TREMONT — A stop work order remains in effect for the Barn Arts Collective’s use of a boat storage facility for performances. The theater group’s site plan review application was found incomplete Tuesday by the town’s Planning Board.
The action cancels the Tremont-based group’s scheduled performances of “Cabaret” at the boathouse. Friday was to be opening night.
The Barn Arts Collective has been using a boat storage building owned by Richard Helmke of Bass Harbor Boat Shop for theatrical performances and musical events during the summer months, when the storage building is empty of boats. Complaints about parking and noise led Code Enforcement Officer John Larson to investigate.
On Aug. 7, Larson issued a stop work order to Helmke and his wife, stating that the Barn Arts use of the building at the corner of the Tremont and Mitchell roads is in violation of the town’s land use ordinance. The events at the boathouse are a new use of what the Planning Board approved as a boat storage facility. To continue this use, Planning Board approval of a site plan review is needed, Larson wrote.
Larson directed the Helmkes to “cease and desist from all entertainment activities” at the building until the Planning Board approves a site plan review on the change of use.
The heads of the Barn Arts Collective, Andrew Simon and Brittany Parker, subsequently submitted a site plan review application, which the Planning Board considered Tuesday. From the beginning, it was apparent that the application had little chance of being found complete.
The first issue was a matter of the $15 application fee. Chairman Mike Ryan asked Larson if the fee had been paid.
“I haven’t collected it yet,” Larson said.
After a member of the public offered to pay the fee in cash, Simon reached into his own pocket. Larson declined, saying he had no official method of accepting the cash at the meeting. The Planning Board agreed to proceed with review but with a warning from member Susan Snyder.
“You do understand that until the fee is paid, the application is not complete,” she told Simon and Parker.
The next hitch involved a sketch plan of the lot and the building. None had been included in the application, as required. Here again, the Planning Board was helpful. They agreed that the plan submitted when the building was first permitted could be used.
The Planning Board found other deficiencies. They included a lack of any information on buffering, information on the height of the building and the location of parking and driveways on and adjacent to the site. Ryan also pointed out that Simon and Parker had identified only three properties within 500 feet of the boathouse; he counted 11 properties that were subject to the requirement.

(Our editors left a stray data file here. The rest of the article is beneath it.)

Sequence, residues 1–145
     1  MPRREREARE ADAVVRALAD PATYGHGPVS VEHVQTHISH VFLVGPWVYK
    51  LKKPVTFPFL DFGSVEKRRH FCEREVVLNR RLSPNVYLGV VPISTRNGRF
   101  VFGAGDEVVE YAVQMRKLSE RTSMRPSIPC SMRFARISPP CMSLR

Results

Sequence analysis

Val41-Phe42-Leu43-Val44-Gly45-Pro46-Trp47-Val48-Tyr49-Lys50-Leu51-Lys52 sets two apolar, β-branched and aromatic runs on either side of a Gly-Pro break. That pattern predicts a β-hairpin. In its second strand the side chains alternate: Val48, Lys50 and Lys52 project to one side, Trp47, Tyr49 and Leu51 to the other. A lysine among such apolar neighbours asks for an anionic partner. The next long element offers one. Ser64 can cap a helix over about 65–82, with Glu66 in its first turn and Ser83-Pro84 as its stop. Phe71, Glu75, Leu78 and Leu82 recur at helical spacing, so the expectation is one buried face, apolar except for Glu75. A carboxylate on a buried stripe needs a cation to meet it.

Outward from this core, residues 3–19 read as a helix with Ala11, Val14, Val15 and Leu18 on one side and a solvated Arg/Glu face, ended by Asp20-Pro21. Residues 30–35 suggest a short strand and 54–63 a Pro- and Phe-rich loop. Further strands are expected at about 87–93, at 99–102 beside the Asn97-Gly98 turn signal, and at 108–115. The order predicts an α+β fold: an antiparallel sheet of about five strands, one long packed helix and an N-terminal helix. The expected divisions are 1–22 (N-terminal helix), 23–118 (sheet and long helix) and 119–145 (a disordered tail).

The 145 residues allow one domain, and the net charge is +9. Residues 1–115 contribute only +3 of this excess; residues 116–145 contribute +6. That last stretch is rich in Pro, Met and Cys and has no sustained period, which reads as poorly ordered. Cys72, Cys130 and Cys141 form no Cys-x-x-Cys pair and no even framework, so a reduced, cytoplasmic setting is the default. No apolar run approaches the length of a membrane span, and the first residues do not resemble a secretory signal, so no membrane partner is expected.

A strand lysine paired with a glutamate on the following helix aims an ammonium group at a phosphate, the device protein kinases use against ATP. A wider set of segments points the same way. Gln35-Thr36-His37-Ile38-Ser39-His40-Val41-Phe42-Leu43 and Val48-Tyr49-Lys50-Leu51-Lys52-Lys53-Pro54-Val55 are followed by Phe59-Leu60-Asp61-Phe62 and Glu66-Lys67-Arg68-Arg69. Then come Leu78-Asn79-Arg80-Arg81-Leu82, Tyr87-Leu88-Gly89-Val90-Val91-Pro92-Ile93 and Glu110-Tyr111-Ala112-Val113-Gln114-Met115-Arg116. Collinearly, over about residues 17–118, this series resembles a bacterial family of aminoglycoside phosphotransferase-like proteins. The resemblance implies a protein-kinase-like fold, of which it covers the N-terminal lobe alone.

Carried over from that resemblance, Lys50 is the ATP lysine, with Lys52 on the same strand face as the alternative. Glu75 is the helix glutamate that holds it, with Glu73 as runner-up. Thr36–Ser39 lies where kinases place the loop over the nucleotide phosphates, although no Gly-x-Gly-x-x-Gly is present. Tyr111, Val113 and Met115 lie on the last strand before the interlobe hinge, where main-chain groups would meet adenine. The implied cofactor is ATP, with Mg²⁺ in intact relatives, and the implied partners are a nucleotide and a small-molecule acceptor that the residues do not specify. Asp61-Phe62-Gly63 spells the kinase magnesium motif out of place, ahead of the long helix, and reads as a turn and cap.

Even before the site plan review checklist being used by the Planning Board had been completed, Ryan cut to the chase.
“Quite frankly, this isn’t going to go as complete,” he told Simon and Parker.
Throughout the proceedings, Simon and Parker said they had little knowledge of how the process works and had completed the online site plan review application. When asked, they said they had not been provided with the checklist being used by the board.
“All that was available to us was what was on the website,” Parker said.
Larson responded, saying he left a phone message with Simon last week telling him the checklist is available. Simon said he didn’t get the message. After checking the phone number on the application, Larson was told by Simon that they accidentally put the wrong number on the application.
Because the Planning Board voted 4-0 to find the application incomplete, a public comment period and other steps in the process did not take place. Simon and Parker were told to come back with a complete application. The next scheduled Planning Board meeting is on Sept. 12.
Keith Higgins, an abutter to the boathouse and the town’s fire chief, suggested to Simon and Parker that they should discuss their plans with the State Fire Marshal’s Office to make sure what they are doing meets life safety codes.
“If something happens, it’s going to be on you guys,” he said.
Higgins also asked if the approved use of the building remains as boat storage. It does, he was told.
Simon protested, asking if they could have approval on a “conditional” basis.
“We’re committed to our mission to bring people together,” he said, adding that there are performances scheduled at the boathouse.
Before the meeting Tuesday, Larson said he gave Simon permission to hold one event, which had been scheduled, after the stop work order was issued. He acknowledged that the group ignored that concession and held at least one subsequent event. Larson was adamant about his decision.
“The stop work order should stay in effect until you get this approved,” he said.
If events continue without approval, the Helmkes are subject to legal action in state court. Larson in his stop work order notes they could be fined up to $2,500 per violation per day and liable for the town’s legal fees.